FRANKFURT (Reuters) -- Daimler is open to new ways of growing its business and has talked in the past to Volkswagen, BMW and Fiat about developing a common small car platform, CEO Dieter Zetsche said.
"When we were planning the current generation of front-wheel-drive vehicles we were entertaining a number of discussions with BMW, with Fiat, with VW to check whether it makes sense to do something together," Zetsche said on an analyst call on Friday.
Eventually, Daimler concluded that there was not much to be gained from working with any of these rivals. The benefits from working with a competitor were only marginal, he said.
When asked whether he was happy to leave Daimler's existing strategy broadly unchanged, rather than considering more radical steps during the remainder of his term in office, Zetsche signaled he was open to considering broader strategic steps.
"If we were to just continue to do our homework, and not develop more elements going forward, we definitely would fall back," Zetsche, whose term runs until 2016, explained, adding he was currently satisfied with Daimler's existing businesses.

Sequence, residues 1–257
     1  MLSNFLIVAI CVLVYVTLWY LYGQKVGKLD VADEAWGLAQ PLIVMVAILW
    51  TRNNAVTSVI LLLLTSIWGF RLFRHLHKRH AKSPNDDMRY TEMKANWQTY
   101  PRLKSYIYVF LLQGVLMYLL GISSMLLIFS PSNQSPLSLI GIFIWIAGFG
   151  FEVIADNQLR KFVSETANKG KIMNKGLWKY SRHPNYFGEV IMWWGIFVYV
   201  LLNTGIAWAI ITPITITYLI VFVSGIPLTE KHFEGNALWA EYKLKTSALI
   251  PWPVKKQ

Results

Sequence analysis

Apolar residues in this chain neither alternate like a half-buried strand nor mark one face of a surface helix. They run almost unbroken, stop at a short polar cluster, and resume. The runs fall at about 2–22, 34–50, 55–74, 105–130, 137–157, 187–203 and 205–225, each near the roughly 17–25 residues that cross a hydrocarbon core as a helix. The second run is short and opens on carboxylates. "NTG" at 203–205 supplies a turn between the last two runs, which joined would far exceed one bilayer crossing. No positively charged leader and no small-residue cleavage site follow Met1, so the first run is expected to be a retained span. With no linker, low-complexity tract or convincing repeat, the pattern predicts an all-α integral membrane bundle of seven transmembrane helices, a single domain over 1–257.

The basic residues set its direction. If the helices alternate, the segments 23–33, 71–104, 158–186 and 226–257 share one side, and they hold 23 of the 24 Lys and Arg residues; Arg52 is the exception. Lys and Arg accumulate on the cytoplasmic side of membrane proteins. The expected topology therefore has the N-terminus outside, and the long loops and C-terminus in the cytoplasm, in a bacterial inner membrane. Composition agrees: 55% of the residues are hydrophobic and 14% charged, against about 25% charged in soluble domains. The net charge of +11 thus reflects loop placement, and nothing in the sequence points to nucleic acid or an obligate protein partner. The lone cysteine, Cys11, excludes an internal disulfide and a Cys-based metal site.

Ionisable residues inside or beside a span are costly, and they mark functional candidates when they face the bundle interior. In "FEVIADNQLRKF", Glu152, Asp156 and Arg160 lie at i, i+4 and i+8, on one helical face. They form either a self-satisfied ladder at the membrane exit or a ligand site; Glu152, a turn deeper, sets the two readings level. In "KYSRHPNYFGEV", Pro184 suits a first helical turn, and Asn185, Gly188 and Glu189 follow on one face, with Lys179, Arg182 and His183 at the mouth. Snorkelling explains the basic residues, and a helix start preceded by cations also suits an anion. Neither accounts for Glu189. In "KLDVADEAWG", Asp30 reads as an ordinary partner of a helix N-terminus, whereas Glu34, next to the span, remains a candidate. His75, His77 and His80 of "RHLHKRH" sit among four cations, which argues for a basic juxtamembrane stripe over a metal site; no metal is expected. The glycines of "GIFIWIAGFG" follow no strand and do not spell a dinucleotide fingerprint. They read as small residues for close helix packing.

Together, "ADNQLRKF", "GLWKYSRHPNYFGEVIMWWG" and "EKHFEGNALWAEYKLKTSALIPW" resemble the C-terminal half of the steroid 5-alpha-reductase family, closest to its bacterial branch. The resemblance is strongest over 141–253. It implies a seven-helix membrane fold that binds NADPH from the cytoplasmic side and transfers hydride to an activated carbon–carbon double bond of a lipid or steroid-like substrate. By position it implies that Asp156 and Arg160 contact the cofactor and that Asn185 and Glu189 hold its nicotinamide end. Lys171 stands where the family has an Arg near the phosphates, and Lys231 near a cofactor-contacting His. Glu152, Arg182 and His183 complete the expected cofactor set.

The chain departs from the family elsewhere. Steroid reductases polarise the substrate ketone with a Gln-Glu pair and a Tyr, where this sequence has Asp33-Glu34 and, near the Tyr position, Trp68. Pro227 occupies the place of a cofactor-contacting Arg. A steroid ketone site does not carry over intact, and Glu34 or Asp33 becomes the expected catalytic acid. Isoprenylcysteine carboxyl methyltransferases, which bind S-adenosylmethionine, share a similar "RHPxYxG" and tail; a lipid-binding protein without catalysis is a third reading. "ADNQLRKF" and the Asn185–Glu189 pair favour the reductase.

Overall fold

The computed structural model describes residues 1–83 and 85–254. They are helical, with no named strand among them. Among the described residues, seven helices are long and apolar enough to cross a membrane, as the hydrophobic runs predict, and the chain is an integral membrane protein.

"A very significant part of our task is strategic and to see what kind of future challenges will develop and what opportunities we see on the horizon, and try to further develop our business," the 60-year old German explained.
"This is not the meeting today where we would announce further building blocks of the further development of our company, but of course there will be times when we will do that."
In 2010, Daimler entered an industrial partnership with Renault and Nissan. The third-generation Renault Twingo, the new Smart ForTwo and upcoming second-generation Smart ForFour will be based around a newly developed rear-wheel-drive platform with engineering led by Smart, AutoWeek, a sister publication of Automotive News Europe, reported last October.
Infiniti's upcoming Q30 compact is based on Mercedes' MFA (Modular Front Architecture), which underpins the Mercedes A- and B-class models and the CLA coupe-styled sedan.
Automotive News Europe contributed to this article